In The Market / Footnotes on a House Hunt

It's the kind of thing people say to you when they know you're immersed in the hunt for a new home. Sentiments usually along the lines of "the right one will come along" or you'll end up where you're "suppose to be," designed to ease the dread attached to looking for the right house. Part of this is derived from past experience - to assure our foe that the stresses of searching and waiting and doubting and loosing will not be suffered in vain (we've all been through it a time or two before and for the most part, all ended up in what we consider to be pleasant places) - But also an easy way to ease the let downs. "Things will work out." "It wasn't meant to be." Assurances we believe because we have to. Because fate is always more alluring than sheer luck.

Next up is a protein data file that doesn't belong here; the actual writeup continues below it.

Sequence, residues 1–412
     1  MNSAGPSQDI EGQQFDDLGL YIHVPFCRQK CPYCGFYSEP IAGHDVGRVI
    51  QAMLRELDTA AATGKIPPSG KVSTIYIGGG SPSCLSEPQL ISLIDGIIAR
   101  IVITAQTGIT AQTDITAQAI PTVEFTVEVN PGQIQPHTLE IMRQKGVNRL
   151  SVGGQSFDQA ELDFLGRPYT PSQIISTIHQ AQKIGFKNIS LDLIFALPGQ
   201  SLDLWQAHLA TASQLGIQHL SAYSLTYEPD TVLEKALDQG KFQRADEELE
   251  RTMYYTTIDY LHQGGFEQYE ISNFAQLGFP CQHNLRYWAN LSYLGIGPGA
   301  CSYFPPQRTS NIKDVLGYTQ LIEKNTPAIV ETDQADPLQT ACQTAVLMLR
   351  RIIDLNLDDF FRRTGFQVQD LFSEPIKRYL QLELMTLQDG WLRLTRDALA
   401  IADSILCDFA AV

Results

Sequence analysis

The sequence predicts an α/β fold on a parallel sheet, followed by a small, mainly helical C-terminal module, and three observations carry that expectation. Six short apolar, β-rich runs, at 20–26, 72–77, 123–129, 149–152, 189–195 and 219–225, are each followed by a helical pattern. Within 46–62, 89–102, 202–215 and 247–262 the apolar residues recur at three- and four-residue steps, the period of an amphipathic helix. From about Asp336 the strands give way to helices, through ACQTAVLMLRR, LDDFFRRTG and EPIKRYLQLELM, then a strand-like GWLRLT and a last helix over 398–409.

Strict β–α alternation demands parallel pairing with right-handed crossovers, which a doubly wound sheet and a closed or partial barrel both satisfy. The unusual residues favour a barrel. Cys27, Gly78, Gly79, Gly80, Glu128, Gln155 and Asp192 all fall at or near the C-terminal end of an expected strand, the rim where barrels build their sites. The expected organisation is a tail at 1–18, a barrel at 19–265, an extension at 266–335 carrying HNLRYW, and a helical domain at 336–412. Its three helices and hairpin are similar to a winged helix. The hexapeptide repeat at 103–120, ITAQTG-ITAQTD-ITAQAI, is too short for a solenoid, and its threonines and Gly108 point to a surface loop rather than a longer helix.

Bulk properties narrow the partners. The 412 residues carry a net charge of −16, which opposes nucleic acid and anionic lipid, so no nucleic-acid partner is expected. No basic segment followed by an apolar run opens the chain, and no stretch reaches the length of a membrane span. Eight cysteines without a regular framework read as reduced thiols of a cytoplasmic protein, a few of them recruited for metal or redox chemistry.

Same goes for the whole dating game in a sense too. In which we keep trusting that "the right one" is somewhere out there waiting for us. The idealized notion of a soul mate, lingering somewhere out there in limbo waiting for timing and fate collide. Hope reminiscent of our single years (brief as mine proved) where we put ourselves out there again and again, failure after failure, heartache after heartache, bad date after bad date in hopes of finding exactly who (or"what") it is we think we're destined for. Never mind the doubt and discouragement that keeps mounting inside of us along the way.